Despite the recent volatility in the cryptocurrency market, Nomura is preparing to start a new business to help institutional clients diversify into cryptocurrency, decentralized finance (DeFi) and non-replaceable tokens (NFTs). By the end of 2024, Japan’s largest investment bank will most likely integrate a number of digital asset services into one wholly-owned company with about 100 employees. The announcement of Nomura’s plans, which has been four years in the making, comes as the value of some of the world’s most well-known cryptocurrencies has plummeted, fueling fears for the entire industry.
According to a report in CoinDesk, the unit’s newly appointed CEO, Jez Mohideen, said they would look at the “top 10 cryptocurrencies by market capitalization” to begin with.
Mohideen added that they will then move further up the market capitalization chain to evaluate opportunities based on institutional demand. So if DeFi protocols are introduced in their own launch pads, they will try to make markets there as well.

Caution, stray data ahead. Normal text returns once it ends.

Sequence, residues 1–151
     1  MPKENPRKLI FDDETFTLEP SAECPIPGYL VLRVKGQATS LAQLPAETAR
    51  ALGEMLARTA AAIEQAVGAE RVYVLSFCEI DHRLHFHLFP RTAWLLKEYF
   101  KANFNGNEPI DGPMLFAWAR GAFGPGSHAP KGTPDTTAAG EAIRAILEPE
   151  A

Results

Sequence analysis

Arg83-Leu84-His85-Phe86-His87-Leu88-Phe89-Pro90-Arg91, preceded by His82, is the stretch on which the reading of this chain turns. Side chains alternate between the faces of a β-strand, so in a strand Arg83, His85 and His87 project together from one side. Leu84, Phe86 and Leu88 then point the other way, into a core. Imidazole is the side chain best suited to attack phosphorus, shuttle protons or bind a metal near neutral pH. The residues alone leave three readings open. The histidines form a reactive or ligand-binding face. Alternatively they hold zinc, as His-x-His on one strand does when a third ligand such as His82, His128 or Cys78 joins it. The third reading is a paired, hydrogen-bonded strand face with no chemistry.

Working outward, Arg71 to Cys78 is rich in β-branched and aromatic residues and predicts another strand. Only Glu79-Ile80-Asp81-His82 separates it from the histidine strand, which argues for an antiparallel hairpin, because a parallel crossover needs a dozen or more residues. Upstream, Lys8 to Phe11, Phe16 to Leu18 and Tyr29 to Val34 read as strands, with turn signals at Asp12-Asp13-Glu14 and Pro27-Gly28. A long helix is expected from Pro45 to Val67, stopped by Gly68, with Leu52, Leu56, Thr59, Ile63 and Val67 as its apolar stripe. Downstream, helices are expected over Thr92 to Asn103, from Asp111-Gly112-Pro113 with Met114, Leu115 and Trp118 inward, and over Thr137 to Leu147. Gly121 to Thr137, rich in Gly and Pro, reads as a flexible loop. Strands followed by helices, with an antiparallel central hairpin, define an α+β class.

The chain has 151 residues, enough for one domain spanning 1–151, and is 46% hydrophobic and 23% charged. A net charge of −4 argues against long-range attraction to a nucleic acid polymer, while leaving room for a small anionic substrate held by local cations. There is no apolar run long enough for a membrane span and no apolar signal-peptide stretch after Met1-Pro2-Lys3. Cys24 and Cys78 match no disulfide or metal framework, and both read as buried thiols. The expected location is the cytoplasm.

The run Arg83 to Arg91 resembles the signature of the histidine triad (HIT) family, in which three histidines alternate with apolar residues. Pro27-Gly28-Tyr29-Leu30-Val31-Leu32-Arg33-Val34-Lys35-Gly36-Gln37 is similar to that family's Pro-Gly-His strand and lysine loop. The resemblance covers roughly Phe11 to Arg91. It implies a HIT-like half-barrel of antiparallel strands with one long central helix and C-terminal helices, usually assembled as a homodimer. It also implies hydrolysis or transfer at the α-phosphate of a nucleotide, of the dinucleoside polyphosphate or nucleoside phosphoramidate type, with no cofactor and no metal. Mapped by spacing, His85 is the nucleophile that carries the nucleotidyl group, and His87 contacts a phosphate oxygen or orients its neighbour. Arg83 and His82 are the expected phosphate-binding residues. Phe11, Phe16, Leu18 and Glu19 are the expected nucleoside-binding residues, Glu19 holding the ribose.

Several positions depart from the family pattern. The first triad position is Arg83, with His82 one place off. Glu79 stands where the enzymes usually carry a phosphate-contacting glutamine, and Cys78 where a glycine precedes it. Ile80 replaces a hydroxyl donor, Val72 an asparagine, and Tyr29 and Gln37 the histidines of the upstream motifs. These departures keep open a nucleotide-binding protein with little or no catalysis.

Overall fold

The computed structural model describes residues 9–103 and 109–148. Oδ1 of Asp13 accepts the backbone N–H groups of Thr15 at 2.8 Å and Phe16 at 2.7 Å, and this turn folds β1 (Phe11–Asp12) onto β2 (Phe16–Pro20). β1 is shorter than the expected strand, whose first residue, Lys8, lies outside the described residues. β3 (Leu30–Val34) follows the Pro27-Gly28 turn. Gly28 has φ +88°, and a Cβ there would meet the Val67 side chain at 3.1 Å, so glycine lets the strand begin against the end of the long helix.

While banks have been experimenting with cryptocurrency for some time, many have confined themselves to derivatives or exchange-traded products that traded or researched various types of digital assets. Nomura was one of the first to explore crypto asset preservation through the Komainu custody consortium, which also included investment firm CoinShares and storage expert Ledger, and was also one of the first to state that it plans to dig deeper into the ecosystem. to go.
According to Mohideen, NFTs will come later and only as a carefully evaluated business opportunity that focuses on the intersection of the so-called Web 3 and traditional finance (TradFi).
Nomura joins the ranks of Goldman Sachs, Citigroup, Bank of New York Mellon and other major financial organizations that have recently entered the cryptocurrency industry.
Despite the concerns, Nomura executives indicated that institutional client interest in digital assets has been strong and will continue to grow as the market for cryptocurrencies, NFTs and other assets became more attractive as a way to diversify more traditionally managed portfolios.